New research helps explain why competitors share knowledge
MIT Sloan PhD student Tristan Botelho examines how market uncertainty motivates competitors to engage in knowledge sharing
By Kathryn M. O'Neill |
April 19, 2016
Tristan L. Botelho entered the investment banking industry just in time to watch the financial world unravel in the crisis of 2007–08. The experience underlined for him the importance of perception, networks, and other social factors in the performance of the economy and cemented his interest in researching such issues.
“Social factors play an important role in markets and organizations, and they must be taken into account because they affect outcomes systematically,” said Botelho, a fifth-year PhD student in the Economic Sociology program at the MIT Sloan School of Management. “For me, being in the industry and very early in my career, I found the financial crisis really highlighted this fact, and impacted the way I started to think.”
After his stint on Wall Street, Botelho went on to spend a couple of years in corporate finance to gain business experience. However, his interest in academic research remained strong, and he enrolled at MIT Sloan in August 2011.
“My research is driven by a desire to explain those things we observe in the real world that don’t seem to make sense at first glance,” Botelho said. “I strive to contribute to existing research and also connect my findings to issues that are important in the economy.”
For example, Botelho recently finished a paper that investigated why buy-side investment professionals (such as hedge fund analysts and managers) at competing firms openly share investment recommendations with one another. Since knowledge-sharing among such competitors is counterintuitive, Botelho wanted to understand the conditions under which it might prove beneficial.
Zeroing in on one online recommendation platform, Botelho examined data on what stocks elicited brief recommendations (under 40 words) versus long ones (averaging more than 1,400 words). What he discovered was that higher levels of market uncertainty about a stock led to higher odds that an individual would share detailed knowledge about it.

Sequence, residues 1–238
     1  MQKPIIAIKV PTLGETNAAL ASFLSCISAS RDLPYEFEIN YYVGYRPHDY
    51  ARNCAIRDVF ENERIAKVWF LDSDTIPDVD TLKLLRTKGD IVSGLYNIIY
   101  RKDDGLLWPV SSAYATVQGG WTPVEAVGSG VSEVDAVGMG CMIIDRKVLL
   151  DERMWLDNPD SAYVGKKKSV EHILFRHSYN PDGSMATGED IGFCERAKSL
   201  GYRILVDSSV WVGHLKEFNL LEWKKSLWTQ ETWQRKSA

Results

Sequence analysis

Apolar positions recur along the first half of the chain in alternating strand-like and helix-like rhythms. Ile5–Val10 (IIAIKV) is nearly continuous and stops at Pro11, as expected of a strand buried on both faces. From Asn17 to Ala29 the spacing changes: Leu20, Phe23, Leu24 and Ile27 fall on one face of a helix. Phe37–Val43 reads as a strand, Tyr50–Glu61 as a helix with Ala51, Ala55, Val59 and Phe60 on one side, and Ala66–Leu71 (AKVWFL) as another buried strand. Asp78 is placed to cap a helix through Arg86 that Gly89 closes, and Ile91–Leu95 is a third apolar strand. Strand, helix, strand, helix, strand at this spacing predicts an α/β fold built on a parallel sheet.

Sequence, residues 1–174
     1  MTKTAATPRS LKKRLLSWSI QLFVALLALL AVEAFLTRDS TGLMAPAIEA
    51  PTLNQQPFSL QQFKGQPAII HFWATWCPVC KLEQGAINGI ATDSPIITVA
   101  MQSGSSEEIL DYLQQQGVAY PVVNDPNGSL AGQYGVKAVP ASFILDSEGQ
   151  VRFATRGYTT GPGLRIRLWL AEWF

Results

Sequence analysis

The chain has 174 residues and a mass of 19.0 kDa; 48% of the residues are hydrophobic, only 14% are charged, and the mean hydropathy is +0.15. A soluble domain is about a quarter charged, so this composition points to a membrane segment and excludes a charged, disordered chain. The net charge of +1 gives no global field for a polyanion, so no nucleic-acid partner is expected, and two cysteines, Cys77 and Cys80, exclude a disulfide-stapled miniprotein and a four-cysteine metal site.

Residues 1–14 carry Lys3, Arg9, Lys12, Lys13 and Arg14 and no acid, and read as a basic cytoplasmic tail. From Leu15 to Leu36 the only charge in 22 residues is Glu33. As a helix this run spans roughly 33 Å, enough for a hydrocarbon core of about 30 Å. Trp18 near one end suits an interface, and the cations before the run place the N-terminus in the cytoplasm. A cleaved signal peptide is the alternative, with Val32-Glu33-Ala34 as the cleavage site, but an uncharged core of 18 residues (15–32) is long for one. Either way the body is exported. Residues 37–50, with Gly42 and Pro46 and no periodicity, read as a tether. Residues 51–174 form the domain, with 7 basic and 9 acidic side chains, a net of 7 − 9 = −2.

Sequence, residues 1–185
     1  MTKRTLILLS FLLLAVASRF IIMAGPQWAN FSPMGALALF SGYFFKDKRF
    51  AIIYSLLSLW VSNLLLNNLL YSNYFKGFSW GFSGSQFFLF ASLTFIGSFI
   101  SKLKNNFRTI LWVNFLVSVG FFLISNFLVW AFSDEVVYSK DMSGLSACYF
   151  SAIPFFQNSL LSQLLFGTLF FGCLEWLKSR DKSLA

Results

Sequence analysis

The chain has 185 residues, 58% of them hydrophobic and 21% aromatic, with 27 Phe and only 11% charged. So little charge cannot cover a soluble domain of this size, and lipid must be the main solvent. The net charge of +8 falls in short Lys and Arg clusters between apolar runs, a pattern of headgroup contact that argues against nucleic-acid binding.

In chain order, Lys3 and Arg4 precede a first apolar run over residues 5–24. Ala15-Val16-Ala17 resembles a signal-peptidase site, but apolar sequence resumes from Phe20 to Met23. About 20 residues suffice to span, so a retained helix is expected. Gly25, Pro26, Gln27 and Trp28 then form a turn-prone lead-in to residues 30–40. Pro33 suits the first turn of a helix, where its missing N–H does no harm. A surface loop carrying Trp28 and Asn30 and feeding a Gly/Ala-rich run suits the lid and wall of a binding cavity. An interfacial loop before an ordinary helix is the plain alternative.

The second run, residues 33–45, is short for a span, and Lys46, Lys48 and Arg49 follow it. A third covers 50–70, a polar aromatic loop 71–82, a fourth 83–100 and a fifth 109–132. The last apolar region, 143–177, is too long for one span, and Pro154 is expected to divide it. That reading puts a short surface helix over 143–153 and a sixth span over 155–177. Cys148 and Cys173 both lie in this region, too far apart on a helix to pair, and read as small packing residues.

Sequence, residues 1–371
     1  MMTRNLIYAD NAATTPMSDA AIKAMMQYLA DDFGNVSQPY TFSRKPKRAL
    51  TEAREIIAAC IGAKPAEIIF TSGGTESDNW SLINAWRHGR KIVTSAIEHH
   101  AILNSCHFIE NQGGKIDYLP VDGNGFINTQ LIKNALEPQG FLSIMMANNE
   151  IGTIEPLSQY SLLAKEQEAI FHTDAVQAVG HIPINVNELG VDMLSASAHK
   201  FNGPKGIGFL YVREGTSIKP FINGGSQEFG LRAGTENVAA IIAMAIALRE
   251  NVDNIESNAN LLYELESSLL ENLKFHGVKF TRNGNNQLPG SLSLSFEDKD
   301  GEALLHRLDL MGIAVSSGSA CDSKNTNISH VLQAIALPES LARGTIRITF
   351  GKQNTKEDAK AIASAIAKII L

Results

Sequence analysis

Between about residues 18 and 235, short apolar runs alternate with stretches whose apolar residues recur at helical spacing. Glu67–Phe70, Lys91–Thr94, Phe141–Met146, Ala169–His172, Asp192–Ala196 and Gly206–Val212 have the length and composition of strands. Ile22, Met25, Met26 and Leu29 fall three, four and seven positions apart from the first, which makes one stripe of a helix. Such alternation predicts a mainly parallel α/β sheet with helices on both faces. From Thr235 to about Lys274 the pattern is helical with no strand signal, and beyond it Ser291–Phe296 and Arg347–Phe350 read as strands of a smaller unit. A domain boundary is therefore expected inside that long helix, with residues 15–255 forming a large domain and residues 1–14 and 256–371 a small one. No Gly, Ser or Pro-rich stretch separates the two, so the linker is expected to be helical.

“Value is created or realized because others also see this value,” Botelho said. When there are high levels of market uncertainty about a stock’s worth, Botelho found managers were more willing to share their knowledge—effectively persuading others that an opportunity is present and that they should commit resources to it.
“If you see a stock as undervalued and there is a lot of market uncertainty, maybe others will naturally realize it and buy in, but maybe it’ll take months or longer for this to happen, so you need a way to catalyze the process,” he said. An example of this is sharing knowledge about this opportunity with other investment professionals.
This finding is important, Botelho said, because it reveals the surprising benefits of an activity that many firms restrict automatically—sharing information with competitors. “There are conditions where, if more firms realized the benefits of knowledge sharing, they could consider it a possible strategy for increasing performance as opposed to simply a cost or risk,” he said.
Botelho’s paper on the topic, “Here’s an Opportunity: Knowledge Sharing among Competitors as a Response to Market Uncertainty,” won the 2015 Best Student Paper award from the Organization and Management Theory Division of the Academy of Management.
Botelho’s research also encompasses how social factors affect evaluation processes. For example, in one recent paper, “Pursuing Quality: How Uncertainty Magnifies Double Standards in a Multistage Evaluation Process,” written with Mabel Abraham, PhD ’15, Botelho explores the ways in which gender bias manifests in online evaluations of stock recommendations. The paper has been conditionally accepted for publication by Administrative Science Quarterly.
“Success within organizations and markets is not just about perfecting the widget; there are all these social dynamics that greatly impact individual and firm outcomes,” said Botelho, who plans to pursue an academic career after earning his doctorate, which he expects in May 2017. “It’s important to understand and leverage the social world around you.”
For more information, visit Botelho’s website.